Study Hall

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Backstage Class: Team Effort

A musician's guide to getting the most from live sound engineers.

Know The Equipment

This may seem basic and obvious but it’s quite important for musicians to be familiar with their own equipment prior to gigging with it. Make sure everything needed is available, along with carrying spares for items such as power leads, signal cables, batteries, strings, etc.

If the backline is being provided, spend a little time in sound check becoming familiar with it, i.e., getting the desired sound from an unfamiliar guitar amplifier. Don’t expect engineers to do this; their job starts when sound comes out of the amp, and what happens before that is the domain of the musician.

I’ve lost count of the times when guitarists have no signal coming out of their amps, so they turn to me, shrug, and expect me to sort it out. All I’ll do is logically trouble shoot the signal path, which is another thing musicians should be able to easily do for themselves.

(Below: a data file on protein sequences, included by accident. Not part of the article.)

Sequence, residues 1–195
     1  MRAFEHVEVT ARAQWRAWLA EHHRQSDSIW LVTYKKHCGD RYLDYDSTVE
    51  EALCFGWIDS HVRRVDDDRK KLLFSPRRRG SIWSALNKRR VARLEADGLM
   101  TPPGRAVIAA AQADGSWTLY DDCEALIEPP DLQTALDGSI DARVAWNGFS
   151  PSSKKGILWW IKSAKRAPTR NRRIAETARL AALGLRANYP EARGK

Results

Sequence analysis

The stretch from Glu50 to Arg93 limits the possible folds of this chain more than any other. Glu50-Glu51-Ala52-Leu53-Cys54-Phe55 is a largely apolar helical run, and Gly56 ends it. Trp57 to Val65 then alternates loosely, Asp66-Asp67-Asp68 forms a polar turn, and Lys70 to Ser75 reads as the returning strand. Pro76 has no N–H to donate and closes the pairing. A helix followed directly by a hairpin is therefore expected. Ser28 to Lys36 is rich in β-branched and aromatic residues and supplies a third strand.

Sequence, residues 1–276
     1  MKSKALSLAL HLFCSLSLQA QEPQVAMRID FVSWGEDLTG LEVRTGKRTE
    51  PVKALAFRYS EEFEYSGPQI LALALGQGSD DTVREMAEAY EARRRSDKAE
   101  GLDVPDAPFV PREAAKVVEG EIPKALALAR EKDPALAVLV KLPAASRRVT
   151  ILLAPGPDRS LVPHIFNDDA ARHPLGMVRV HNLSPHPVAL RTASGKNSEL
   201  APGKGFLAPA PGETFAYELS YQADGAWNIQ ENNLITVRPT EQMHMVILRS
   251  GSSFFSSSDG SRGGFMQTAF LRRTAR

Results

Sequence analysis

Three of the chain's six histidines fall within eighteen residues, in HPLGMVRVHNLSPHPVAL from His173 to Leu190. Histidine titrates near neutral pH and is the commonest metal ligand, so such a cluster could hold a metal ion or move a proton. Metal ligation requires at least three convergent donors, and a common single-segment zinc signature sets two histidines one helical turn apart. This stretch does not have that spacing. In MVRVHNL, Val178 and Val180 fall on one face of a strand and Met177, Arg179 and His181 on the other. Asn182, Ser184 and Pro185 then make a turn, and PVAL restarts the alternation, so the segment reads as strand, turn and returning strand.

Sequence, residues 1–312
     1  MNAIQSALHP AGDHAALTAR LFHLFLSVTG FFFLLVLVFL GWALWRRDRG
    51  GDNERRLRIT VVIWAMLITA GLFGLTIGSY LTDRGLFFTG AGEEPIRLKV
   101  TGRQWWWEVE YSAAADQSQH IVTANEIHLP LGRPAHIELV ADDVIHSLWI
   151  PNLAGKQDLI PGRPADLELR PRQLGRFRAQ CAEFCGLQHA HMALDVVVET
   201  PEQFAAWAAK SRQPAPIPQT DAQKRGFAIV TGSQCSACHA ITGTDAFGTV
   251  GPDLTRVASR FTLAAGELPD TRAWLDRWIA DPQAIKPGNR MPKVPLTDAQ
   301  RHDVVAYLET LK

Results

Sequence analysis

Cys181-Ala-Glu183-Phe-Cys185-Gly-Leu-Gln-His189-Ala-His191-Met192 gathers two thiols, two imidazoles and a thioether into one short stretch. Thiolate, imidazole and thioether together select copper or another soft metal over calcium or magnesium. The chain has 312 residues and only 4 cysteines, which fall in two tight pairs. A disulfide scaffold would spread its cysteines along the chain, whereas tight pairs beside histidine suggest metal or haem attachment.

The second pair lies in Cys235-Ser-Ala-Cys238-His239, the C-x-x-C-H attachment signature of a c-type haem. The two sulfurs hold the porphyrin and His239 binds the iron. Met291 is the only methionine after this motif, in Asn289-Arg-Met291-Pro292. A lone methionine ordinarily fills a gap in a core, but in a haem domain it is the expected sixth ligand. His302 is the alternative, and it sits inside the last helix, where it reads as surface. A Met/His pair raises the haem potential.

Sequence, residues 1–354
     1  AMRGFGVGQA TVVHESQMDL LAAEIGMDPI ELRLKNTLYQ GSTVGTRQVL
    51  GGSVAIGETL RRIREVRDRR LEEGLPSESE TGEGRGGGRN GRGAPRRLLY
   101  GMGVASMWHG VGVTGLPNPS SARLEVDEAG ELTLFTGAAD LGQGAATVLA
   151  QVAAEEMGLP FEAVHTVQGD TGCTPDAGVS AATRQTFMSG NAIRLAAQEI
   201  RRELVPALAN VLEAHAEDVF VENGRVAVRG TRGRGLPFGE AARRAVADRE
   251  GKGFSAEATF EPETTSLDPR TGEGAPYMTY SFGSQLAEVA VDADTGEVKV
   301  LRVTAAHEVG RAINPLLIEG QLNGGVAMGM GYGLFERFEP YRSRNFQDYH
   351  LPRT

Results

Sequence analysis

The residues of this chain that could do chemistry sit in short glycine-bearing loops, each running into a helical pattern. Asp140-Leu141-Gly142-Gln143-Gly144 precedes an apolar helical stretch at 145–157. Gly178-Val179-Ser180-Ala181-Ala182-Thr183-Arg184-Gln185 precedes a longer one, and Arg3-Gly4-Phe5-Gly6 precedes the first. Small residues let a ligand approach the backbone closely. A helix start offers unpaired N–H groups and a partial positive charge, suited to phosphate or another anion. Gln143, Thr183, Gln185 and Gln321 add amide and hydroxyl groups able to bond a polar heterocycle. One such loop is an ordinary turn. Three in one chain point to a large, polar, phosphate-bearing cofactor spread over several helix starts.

Remember Where Your Ears Are

In many years of working in live sound, I’ve never come across any guitarists with ears in the back of their knees, so be aware of this when positioning instrument amps on stage. Elevating or tilting an amp so that it points at players’ heads (and thus their ears) can help a great deal in being able to hear themselves.

Not only does this foster playing to full potential, it also assists in keeping the volume level of the amps lower, giving engineers a fighting chance of getting the vocals on top of the mix. I always ask guitarists to set the level of their amps so they can hear themselves clearly above the drum kit and let me do the rest.

If there’s more than one guitar in the band, take a little time to make sure that they’re sonically working well together – too much bottom end can make a mix muddy and too much top end can unleash the loudness wars that typically ensue when two (or more) guitarists fight to hear themselves (which can quickly escalate and obliterate the mix in one fell swoop of collateral damage).

In my experience, very few musicians think about how the sound of their instrument fits together sonically with the rest of the band; they just generate the noise and hope the engineer can make sense of it. But a little time and thought during rehearsals can help a great deal in getting the balance right at the source and thus make the engineer’s job so much easier – and produce an optimum result, which is the main goal.

Putting on a live show is a team effort, so by treating engineers with respect and courtesy, chances are that they’ll treat you likewise and everyone will have a fun, productive and rewarding show.

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